There is no winning side to any vote taken in this church – whether it pertains to removing pews or transferring funds or terminating a long-time pastor or calling a new pastor. There is no losing side to any vote taken in this church. Each vote, each decision if our hearts are pure and true, as God intends, will not be political but faithful, not in the best interest of the self, but of the whole. If we are truly seeking to serve God and make the gospel of Jesus Christ manifest in this community and world, then no issue will ever be a tug-of-war, exhausting us and distracting us from doing the real ministry of the church. But the question of the chapel and others like it will be an exercise in conversation, in diversity, in difference, in love and understanding.
Many summers ago now, when I had a job at a golf course that allowed me to spend much of my time outside, sitting in a golf cart waiting to sell adult beverages, peanut butter crackers, and sandwiches to the thirsty and hungry players as they passed through. Many hours that summer I found myself under a large weeping willow tree between the front and back nine, so much so that I decided to read the classics. Some I trudged through with a prideful commitment to reach the final page, so that I could then wear the book like an internal badge of honor: Moby Dick and George Eliot’s The Mill on the Floss I must admit, were a commitment that I couldn’t but wished I could quit. But, others I adored: Jane Ayre, The Sun Also Rises, and Anna Karenina, page earmarked and underlined where Anna reflects:
“If it is true that there are as many minds as there are heads, then there are as many kinds of love as there are hearts.” There are many kinds of love when it comes to the sacred and holy space of the chapel in this church, they are deep and diverse.
My love for the chapel isn’t for what it was, or even is, but for what it could be. When I look in the chapel – I don’t see what it once was - the family baptisms or weddings or youth fellowship gatherings or Vacation Bible School because, quite simply, I don’t carry those memories in my heart. When I look at the chapel, when I stand in that holy and sacred space, I see potential and hope for meaningful, productive, faithful ways to learn about and serve God through the vessel of that room.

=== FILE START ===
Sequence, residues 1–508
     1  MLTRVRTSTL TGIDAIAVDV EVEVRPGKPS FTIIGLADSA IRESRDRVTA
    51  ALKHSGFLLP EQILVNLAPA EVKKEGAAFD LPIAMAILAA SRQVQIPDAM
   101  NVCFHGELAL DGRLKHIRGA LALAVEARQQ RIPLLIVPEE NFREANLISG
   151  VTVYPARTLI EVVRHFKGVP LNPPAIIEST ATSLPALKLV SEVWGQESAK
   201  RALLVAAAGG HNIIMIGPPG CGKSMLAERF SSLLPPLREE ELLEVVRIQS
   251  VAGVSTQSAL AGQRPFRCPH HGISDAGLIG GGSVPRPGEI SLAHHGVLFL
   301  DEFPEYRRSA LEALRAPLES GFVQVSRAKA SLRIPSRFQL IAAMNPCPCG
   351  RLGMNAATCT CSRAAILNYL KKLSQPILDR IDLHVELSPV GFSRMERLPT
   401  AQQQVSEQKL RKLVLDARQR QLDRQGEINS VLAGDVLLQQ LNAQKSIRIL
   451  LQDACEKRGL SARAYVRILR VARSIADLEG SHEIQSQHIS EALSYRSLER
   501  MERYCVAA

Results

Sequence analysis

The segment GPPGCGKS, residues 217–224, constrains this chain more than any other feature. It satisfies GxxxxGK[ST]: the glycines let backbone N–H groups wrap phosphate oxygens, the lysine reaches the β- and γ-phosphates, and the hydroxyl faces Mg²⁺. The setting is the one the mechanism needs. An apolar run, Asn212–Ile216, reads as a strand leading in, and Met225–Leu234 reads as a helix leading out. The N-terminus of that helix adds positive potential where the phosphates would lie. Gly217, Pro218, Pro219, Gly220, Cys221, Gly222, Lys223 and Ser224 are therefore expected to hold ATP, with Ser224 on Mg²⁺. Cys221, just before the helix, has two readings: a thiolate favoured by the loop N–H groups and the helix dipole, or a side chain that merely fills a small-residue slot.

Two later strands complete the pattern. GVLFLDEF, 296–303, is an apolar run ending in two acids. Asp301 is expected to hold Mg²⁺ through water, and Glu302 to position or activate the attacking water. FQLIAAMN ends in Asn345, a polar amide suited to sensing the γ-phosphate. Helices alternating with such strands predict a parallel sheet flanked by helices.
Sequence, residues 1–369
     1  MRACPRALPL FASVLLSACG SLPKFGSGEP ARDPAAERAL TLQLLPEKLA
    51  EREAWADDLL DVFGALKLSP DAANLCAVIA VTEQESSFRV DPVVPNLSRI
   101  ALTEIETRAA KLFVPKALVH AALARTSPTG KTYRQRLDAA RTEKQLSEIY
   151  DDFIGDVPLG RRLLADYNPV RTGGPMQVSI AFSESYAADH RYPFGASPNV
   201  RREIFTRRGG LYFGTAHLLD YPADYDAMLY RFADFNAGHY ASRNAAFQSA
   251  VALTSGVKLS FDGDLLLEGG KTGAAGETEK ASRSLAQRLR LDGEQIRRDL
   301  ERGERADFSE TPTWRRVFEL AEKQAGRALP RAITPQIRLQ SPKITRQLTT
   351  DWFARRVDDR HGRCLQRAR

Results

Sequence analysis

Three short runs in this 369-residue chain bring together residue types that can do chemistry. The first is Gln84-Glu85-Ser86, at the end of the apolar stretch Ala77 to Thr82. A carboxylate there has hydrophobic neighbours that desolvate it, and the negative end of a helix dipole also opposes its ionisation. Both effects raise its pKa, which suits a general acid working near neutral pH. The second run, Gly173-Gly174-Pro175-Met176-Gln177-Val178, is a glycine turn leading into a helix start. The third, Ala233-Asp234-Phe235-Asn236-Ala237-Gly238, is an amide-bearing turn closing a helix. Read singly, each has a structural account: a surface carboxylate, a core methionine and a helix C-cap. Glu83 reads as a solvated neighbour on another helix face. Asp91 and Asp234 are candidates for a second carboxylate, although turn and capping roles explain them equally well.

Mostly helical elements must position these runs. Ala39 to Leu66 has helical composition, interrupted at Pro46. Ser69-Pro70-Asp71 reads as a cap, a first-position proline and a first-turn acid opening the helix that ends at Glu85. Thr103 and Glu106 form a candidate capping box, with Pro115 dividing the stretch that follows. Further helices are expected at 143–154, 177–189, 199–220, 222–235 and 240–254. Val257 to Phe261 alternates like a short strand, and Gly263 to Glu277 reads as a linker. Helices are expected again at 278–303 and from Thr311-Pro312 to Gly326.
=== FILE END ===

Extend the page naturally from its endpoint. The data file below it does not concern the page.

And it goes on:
But the truth is, it is difficult to trust what we can’t yet see, what we cannot yet experience. Ever the more difficult when it feels as though our truth and our tradition is threatened and in danger. So, enter Thomas: “Unless I see the mark of the nails in his hands, and put my finger in the mark of the nails and my hand in his side, I will not believe.” Everyone wants their own experience of the truth.
“But,” Jesus says, “blessed are those who have not seen and yet have come to believe” (John 20:29).
Resurrection is more than about how much God loves us, or the power of God, but it’s a about creating new realities. Realities of trust, love, and forgiveness. Realities liberation from oppression an discrimination – equality (but not sameness) amidst difference.
When I look upon us, when I imagine our community, I see a beautiful garden variety – and what a Sunday to play with this image – in the presence of such exquisite bouquets offered in the memory and memorial of two of our unique and irreplaceable members – Bob Fink and Nancy Capron. We are, each, our own flower, carefully crafted and formed and fashioned by God. Some lilies – strong, with a lasting fragrance, some roses – maintaining the beauty of tradition, some butterfly trees – attracting friends and offering sweet prayers and comfort, some hostas to mark needed boundaries; others wildflowers, reminding us of a beauty that surprises, that pops up in new and unexpected places.
Indeed, we are different. Indeed, we are diverse.
In appearance, in experience, in mind, and in heart. There in our difference we find the vastness and beauty of God reflected into the world.
Isn’t this what we teach our children? Boy or Girl, black or white, smarter or slower, scientist or artist, athlete or actor… Isn’t this what Paul was getting at: “We have different gifts, according to the grace given to each of us” (Romans 12:6).
Our differences make us special. Our differences make us stronger.
Perhaps the highest stake of bridging difference is sameness, of losing that which makes us wonderfully unique and particular – our traditions, history, and experience – change is hard and the risks are real.
In the process, may we not learn to always agree, may we not seek to become the same – of like mind and fixed belief - but to cultivate understanding across lines of difference. To love one another as Christ loves us.
~Rev. Leanne S. Walt